Who Owns Myths and Legends?

In defense of artistic license

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Do ethnic groups or religious believers own their myths and legends? That is the question raised by a controversy involving British author J.K. Rowling. The creator of Harry Potter and Hogwarts has been condemned for incorporating Native American traditions — for example, stories about supernatural “skinwalkers” — into her expanding literary mythology.

It is impossible not to sympathize with the complaint. Few groups have suffered more than Native Americans from having their traditions stereotyped or appropriated by white Americans and Europeans. Outright caricature, like the big-nosed, red-skinned Indians in old cartoons, is the least of it. From the American patriots who dressed up as “Indians” to vandalize British ships during the Boston Tea Party of 1773 to the New York political machine named “Tammany Hall” after Tamanend, a Lenape leader, to the modern Washington Redskins football team and the appropriation of Native Americans as New Age sages and environmental heroes, the casual and disrespectful borrowing of Native American motifs and imagery by white Americans has paralleled the white supremacist tradition of blackface minstrelsy.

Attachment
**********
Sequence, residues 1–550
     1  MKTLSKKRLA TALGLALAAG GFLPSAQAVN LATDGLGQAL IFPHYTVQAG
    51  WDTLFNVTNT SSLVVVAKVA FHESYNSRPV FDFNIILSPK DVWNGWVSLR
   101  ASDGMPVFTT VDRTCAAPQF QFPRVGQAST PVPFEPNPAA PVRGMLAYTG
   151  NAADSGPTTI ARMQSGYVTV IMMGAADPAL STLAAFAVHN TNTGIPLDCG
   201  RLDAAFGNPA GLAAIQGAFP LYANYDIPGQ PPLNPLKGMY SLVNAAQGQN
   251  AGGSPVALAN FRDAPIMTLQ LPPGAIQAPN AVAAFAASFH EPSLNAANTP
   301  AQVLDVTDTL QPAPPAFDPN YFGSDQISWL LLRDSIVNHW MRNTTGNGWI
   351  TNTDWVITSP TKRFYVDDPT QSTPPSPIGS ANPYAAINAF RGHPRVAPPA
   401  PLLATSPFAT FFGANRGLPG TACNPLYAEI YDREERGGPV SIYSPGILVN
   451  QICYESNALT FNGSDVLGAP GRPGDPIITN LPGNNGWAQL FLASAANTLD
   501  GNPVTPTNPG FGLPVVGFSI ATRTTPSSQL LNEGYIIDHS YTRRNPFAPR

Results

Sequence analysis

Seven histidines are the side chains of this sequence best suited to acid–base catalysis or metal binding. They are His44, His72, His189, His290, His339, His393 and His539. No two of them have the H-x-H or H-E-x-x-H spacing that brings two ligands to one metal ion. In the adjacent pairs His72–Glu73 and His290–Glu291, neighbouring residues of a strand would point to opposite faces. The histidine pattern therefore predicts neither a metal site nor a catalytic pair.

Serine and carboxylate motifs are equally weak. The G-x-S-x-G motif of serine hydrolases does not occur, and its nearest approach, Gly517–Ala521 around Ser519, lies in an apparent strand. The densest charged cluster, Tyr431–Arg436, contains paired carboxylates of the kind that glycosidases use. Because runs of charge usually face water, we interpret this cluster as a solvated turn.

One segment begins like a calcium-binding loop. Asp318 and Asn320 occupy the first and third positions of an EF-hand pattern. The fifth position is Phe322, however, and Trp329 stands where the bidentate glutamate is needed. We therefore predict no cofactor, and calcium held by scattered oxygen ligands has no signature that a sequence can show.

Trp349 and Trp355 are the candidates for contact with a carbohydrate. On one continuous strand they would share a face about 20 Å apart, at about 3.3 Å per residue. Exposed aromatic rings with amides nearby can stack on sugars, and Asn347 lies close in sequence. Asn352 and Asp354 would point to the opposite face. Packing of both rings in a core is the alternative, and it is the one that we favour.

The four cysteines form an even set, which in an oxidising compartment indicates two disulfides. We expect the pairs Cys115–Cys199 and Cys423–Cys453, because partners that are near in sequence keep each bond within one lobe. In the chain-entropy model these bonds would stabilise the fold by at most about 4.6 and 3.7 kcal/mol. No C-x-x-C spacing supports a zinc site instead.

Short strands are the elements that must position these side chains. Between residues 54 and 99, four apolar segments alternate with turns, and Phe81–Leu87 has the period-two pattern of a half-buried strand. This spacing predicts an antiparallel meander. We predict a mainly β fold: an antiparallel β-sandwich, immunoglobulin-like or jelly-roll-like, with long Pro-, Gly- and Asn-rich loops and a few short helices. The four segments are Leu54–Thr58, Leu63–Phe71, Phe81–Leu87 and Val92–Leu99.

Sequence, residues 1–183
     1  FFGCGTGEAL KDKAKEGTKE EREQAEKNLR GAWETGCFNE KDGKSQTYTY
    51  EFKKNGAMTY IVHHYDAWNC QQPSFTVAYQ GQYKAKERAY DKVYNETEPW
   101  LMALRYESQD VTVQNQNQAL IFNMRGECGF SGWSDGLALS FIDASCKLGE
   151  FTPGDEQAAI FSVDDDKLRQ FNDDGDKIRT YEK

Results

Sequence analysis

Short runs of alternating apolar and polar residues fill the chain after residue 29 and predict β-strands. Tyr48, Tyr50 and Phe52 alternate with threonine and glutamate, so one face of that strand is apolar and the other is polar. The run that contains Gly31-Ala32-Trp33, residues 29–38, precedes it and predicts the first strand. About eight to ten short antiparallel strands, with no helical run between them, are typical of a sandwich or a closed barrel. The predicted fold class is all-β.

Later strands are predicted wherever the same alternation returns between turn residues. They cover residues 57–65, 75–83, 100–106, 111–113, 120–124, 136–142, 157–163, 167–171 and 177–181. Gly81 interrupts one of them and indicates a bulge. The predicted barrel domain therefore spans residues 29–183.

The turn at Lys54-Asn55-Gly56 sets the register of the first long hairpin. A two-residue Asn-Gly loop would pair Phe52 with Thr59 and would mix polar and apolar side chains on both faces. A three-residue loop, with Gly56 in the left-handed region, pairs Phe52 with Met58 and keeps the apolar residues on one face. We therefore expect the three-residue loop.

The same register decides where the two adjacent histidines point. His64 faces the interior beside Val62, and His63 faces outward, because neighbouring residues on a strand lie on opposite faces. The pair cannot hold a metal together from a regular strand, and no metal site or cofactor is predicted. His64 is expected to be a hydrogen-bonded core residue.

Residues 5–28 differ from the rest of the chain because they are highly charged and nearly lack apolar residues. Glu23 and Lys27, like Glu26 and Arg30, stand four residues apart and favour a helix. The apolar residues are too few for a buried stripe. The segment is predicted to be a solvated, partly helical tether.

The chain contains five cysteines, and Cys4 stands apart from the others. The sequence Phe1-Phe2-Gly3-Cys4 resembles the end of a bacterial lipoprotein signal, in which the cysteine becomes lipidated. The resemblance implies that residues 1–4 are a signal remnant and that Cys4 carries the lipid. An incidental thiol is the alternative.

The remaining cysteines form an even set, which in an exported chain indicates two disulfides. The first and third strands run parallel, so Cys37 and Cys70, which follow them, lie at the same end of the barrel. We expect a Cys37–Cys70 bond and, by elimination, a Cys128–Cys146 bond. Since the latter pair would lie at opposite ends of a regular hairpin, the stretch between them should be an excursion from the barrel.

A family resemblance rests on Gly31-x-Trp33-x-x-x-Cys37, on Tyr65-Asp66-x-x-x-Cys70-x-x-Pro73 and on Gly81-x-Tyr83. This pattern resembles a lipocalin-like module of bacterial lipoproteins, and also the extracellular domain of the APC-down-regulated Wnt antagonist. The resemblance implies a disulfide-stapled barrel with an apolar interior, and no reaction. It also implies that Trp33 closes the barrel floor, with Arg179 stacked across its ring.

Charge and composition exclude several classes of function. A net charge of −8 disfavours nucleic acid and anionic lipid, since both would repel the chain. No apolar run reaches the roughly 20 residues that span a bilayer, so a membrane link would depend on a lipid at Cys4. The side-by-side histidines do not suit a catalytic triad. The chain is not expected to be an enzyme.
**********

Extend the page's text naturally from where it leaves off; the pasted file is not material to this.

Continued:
But “cultural appropriation” of all kinds is controversial. Members of other groups have complained recently about the appropriation of ancestral myths they hold dear. The casting of Idris Elba, a British actor of African descent, as the Norse god Heimdall, the guardian of Asgard, in the movie Thor (2011), was protested by some who pointed out that Heimdall was known in Norse legend as the White God.

If Native Americans can object to the use of skinwalkers in the young adult fiction written by a British author, why can’t white people object to a black Heimdall? The fact that many of the supporters of the “Boycott Thor” movement were white supremacist racists caused their complaints to be mocked and dismissed. But the non-racist wing of the faith called “Asatru,” sometimes called “Odinism,” which claims to be a modern version of the faith of the pre-Christian Scandinavians, takes pains to distinguish its members from neo-Nazi skinheads who also claim to worship Odin, Thor, and the other Norse gods.